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I believe that this is a statistics rather than a programming question, though I am tied to an R implementation and hope for a reply in kind.

I have data that constitutes several time series. I expect to be studying this data for some time to come, and would like to apply a wide range of time series methods, including ARIMA models, vector autoregression, fractionally integrated series, and others.

My data is of daily frequency and has, in essence, four observations a day: two at fixed times at the beginning and end of the day, respectively, and a maximum and minimum value between those points, with no associated time for each. Although it does not involve any additional measurements, the interval between the end-of-day and the beginning-of-day is also meaningful, with the change morning to night and the change night to morning measured by values of the same two series, offset by one.

In implementing this as an R time series that various tools can use, I face two problems, both with the extremal values. The first is that these two points are only partially ordered in time. They fall in the daytime interval between the beginning and end of the day, but there is no information in the data about which occurs first.

The second, related problem is in representing the frequency. The start and end of the day happen at specific identifiable moments in time, always the same. I have not been able to find any time series representation of the occurrence of the maximum and minimum that R time series routines will accept, and that accurately reflect the temporal process as I understand it. This is a different problem than the first, because that problem deals with representing data points without knowing the order in which they occur, while this one deals with combining data that occur at fixed times with data where the time of occurrence is known only down to an interval.

Am I just out of luck here? Do I have to reinvent time series from the bottom up before I can use any of the standard tools? Or switch to some non-parametric time series representation about which I know nearly nothing? Or is there a common work-around, or an alternative time series implementation that can handle problems of this sort and speak to other R time series routines in a way they will understand?

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This kind of issue occurs for many temperature and other weather data sets. For example, most temperature data sets contain temperatures at fixed points in each day, but also contain the daily maximum and minimum temperature, without specification of the time that these occurred. For these kinds of data sets, it is best to treat the data as parallel time-series, with the time variable specified only down to the day, but no further. This will essentially give you four parallel time-series, with each time-series having one value each day, and the four series representing the start-of-day values, end-of-day values, minimum daily values, and maximum daily values. These four series can be treated as separate objects, or you can put them in a single data frame with a factor variable describing the type of measurement.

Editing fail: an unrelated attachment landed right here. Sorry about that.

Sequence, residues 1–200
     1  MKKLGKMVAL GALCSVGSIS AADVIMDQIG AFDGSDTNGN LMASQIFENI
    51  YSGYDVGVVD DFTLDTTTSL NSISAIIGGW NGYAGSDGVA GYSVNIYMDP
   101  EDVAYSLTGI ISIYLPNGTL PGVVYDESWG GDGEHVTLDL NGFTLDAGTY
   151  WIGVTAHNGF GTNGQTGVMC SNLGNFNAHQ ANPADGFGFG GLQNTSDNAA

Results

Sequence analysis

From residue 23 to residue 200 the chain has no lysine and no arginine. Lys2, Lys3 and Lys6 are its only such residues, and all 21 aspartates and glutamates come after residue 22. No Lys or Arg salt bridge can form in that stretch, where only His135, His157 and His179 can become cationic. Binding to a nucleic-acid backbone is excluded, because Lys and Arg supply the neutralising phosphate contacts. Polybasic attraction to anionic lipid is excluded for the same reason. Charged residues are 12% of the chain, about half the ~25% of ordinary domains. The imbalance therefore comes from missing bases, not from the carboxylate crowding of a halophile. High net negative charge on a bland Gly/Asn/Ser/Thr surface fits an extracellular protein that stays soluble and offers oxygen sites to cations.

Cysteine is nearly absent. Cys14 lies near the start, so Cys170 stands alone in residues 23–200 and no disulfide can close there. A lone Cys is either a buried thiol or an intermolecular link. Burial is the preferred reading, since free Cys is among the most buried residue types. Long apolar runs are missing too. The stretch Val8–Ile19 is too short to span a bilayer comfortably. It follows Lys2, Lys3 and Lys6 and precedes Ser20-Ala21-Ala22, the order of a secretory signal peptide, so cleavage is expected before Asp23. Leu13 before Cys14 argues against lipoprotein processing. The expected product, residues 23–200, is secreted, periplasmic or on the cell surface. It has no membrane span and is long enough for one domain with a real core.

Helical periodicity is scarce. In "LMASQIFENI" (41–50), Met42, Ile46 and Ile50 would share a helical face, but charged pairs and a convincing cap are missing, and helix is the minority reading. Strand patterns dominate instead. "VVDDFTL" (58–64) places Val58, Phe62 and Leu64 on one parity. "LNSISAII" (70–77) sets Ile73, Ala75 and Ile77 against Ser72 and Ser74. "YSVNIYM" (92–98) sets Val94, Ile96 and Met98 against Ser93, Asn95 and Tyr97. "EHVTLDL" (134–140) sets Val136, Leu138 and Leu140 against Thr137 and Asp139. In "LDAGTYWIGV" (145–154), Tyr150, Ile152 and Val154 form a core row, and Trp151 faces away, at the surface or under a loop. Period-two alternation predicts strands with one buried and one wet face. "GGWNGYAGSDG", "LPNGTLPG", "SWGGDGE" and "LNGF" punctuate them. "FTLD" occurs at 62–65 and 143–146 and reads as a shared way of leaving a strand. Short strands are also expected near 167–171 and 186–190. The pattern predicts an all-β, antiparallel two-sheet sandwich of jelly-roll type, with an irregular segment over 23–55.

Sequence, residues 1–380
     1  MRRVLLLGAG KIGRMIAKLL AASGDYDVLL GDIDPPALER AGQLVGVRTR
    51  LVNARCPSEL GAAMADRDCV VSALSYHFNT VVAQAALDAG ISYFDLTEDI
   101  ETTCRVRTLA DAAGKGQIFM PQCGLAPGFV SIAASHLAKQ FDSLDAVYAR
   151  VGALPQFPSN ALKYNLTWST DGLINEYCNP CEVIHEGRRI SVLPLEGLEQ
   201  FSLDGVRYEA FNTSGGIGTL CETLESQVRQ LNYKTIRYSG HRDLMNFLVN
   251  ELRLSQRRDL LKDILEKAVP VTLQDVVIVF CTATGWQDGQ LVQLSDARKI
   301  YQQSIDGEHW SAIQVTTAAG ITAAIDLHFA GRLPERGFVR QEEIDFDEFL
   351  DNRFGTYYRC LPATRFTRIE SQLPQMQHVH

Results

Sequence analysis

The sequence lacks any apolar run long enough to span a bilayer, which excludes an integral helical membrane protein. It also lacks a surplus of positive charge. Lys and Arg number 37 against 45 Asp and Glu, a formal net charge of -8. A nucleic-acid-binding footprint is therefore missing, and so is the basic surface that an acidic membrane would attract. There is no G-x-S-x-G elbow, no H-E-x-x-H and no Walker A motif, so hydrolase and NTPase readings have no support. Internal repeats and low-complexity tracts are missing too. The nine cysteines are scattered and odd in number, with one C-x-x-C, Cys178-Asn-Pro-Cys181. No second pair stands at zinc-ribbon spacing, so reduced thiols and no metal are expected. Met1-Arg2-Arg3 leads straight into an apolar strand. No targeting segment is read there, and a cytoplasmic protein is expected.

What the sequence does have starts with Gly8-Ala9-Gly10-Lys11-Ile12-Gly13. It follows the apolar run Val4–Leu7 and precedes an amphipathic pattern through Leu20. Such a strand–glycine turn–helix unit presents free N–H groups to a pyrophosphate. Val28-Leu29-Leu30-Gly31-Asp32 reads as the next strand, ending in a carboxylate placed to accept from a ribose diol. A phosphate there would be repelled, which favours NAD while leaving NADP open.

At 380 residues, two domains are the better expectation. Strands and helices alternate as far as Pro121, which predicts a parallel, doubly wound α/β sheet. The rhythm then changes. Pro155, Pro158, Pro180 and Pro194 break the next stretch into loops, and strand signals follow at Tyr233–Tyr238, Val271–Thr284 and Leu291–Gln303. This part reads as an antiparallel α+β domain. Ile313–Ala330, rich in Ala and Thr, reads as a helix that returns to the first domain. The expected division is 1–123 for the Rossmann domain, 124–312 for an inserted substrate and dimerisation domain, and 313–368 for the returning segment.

To code your data in this structure in R you would use an integer time-index and a factor variable describing the type of measurement. I will show an example using temperature data. Denoting the time-index and measurement variable by Time and Measure would give you a data frame with output and structure like this:

DATA

           Time          Temp       Measure
1             1          12.4         Start
2             1          21.3           End
3             1          10.7           Min
4             1          25.6           Max
5             2          10.2         Start
6             2          20.4           End
7             2           8.0           Min
8             2          25.2           Max
9             3          11.1         Start
10            3          19.9           End
11            3          10.1           Min
12            3          24.7           Max
13            4          12.3         Start
14            4          20.8           End
...

str(DATA)

'data.frame':   23,376 obs. of  3 variables:
 $ Time   : int  1 1 1 1 2 2 2 2 3 3 ...
 $ Temp   : num  12.4 21.3 10.7 25.6 10.2 20.4 ...
 $ Measure: Factor w/ 4 levels "Start", "End",..: 1 2 3 4 1 2 3 4 1 2  ...

If you would like to isolate a particular time-series of values, this can be done with a simple subset query:

dplyr::filter(DATA, Measure == 'Start')

           Time          Temp       Measure
1             1          12.4         Start
2             2          10.2         Start
3             3          11.1         Start
4             4          12.3         Start
5             5          11.7         Start
6             6          11.9         Start
...

For modelling this type of data, it is usually preferable to model a single time-series, using a single measure. It is possible to model the four time-series together, using the Measure factor variable as a variable in your model (with accompanying interaction terms where needed), but this is not usually necessary.

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  • $\begingroup$ Sorry to be so slow in responding. There are still some problems with my implementation of this idea as applied to my data, but this answer definitely pointed me in a productive direction. $\endgroup$ – andrewH Jan 25 at 6:23

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